Sometimes I really appreciate it when movies are straightforward with their titles because it tells me exactly what I am in for. “Half Brothers” is one such film. From the onset and from the synopsis, the film makes it clear that it’s about brothers and father-sons reuniting and bonding. However, the writers couldn’t conjure up the writing to back that sentiment.
Luke Greenfield’s “Half Brothers” is about Renato (Luis Gerardo Méndez) and Asher (Connor Del Rio), the titular half-brothers who go on a road trip to solve a mystery given to them by their deceased father Flavio (Juan Pablo Espinosa). The two brothers are polar opposites of each other. Renato is an engineer and a man who takes himself seriously. He has the emotional capacity of walnut and his fiancée implies that it’s because his father left him and his mother to go to the USA. Asher on the other hand is a chill-out “ideas guy” who is somehow an amalgamation of the worst stereotypes of Americans.
Regarding stereotyping, the film takes plenty of digs at the conventions Americans have of Mexicans and vice versa. There are plenty of dialogues regarding Mexican ziplining and American laziness. While some are played off for laughs, others are meant to showcase the racism against Mexicans. In one scene Renato is in a detention facility and there he watches groups of Mexicans put inside a fenced room with nothing but some foil blankets.
It is this one scene (among others) that makes Renato understand what his father went through in the USA when he tried to cross the border to earn a living for his family. So the political commentary does make sense. What doesn’t make any sense is the reason why Flavio never visited Renato even though he promised that he would return. The film tells us that he married an American woman and had a son with her after divorcing Renato’s mother. It tells us that he wanted to visit Renato but never could.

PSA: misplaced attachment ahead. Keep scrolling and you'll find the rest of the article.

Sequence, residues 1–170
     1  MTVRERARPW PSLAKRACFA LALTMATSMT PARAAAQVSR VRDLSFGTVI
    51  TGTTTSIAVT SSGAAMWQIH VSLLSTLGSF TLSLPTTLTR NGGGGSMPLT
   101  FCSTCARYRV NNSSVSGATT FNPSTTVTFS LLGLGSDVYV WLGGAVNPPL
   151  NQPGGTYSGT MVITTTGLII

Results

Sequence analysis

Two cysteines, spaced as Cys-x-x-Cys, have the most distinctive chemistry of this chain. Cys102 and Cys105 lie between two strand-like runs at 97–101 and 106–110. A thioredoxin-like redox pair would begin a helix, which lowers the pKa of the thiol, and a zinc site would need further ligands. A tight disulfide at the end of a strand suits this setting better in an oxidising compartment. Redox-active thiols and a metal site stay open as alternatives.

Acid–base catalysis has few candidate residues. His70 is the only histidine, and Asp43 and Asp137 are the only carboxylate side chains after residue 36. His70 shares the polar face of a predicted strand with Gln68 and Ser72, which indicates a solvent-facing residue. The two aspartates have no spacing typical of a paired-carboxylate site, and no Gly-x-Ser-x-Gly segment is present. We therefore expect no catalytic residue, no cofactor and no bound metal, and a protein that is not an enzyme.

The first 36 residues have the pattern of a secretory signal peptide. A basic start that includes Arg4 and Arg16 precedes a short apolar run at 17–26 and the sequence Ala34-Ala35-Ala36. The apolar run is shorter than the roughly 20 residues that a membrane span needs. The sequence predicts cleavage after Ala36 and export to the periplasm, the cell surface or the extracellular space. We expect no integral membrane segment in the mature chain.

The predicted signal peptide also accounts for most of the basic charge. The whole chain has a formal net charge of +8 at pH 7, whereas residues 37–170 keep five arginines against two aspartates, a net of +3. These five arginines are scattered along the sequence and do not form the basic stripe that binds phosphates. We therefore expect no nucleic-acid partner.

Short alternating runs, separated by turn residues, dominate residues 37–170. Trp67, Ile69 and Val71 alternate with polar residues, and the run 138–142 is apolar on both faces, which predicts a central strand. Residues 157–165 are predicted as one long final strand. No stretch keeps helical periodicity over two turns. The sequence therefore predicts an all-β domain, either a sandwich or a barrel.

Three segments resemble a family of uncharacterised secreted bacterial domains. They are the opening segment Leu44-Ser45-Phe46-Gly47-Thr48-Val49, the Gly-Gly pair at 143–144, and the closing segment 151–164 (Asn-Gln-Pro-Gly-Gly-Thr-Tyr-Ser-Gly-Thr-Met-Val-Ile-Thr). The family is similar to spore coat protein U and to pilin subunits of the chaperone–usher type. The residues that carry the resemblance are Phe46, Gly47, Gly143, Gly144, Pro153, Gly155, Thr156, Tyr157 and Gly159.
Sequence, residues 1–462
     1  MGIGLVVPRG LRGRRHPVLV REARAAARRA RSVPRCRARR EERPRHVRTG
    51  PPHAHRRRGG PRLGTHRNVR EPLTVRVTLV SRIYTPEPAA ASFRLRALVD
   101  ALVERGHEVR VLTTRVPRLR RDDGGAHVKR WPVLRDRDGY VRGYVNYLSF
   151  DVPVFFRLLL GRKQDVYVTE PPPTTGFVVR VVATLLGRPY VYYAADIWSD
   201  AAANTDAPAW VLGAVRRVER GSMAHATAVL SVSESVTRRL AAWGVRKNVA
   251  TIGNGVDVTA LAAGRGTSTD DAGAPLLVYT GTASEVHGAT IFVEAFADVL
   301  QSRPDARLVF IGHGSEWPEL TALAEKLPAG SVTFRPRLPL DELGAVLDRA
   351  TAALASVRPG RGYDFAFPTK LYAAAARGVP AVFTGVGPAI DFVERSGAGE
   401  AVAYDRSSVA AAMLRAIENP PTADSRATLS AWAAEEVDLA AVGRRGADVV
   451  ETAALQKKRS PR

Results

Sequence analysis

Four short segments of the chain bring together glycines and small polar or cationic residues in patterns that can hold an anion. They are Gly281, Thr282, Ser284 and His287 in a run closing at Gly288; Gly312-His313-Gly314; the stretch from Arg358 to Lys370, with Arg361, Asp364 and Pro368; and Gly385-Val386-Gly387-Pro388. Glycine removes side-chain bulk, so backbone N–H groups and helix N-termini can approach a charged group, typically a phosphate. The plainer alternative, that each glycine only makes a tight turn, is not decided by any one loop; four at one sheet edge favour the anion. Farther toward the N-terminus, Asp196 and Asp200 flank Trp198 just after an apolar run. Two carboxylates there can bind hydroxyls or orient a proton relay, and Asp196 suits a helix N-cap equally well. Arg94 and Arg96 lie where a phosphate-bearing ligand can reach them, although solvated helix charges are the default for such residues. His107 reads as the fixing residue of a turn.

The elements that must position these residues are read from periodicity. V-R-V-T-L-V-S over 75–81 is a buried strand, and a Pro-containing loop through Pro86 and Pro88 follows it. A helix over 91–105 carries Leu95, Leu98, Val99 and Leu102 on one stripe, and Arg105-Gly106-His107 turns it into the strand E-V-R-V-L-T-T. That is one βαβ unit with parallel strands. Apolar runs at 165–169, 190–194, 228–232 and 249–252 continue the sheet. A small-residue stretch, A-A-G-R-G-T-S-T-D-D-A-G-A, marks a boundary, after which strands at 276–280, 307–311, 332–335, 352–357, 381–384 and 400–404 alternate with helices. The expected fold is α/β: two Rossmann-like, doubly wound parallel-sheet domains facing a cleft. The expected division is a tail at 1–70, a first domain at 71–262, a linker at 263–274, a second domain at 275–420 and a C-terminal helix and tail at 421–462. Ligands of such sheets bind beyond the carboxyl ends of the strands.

But the movie also tells us that he became rich and accomplished in the USA. So what stopped him from visiting Renato? Surely not shame because he doesn’t have any. Also, Flavio clearly fails to be a great father even to Asher, just because his second son doesn’t share his football or airplane-flying passions. So in one lifetime, he has let down two of his sons. One who was similar to him and one who wasn’t.
Overall, it’s very difficult to reconcile with Flavio or feel sympathy for him even though Renato and Asher do forgive their father. The literal road trip journey for the two brothers involved plenty of fighting and making up before repeating that same thing for an hour in a row. The movie could have certainly used better-crafted scenes to showcase their bonding moments.
Also, it’s truly amazing how the movie completely sidelines both the mothers in the story. We are never told how Renato’s mother raised him in Mexico where jobs were dwindling or what Asher’s mom felt about the whole situation with Renato.
Overall, “Half Brothers” is certainly a watchable movie of two brothers reconnecting and learning to set aside their differences to forgive their father for his shortcomings.
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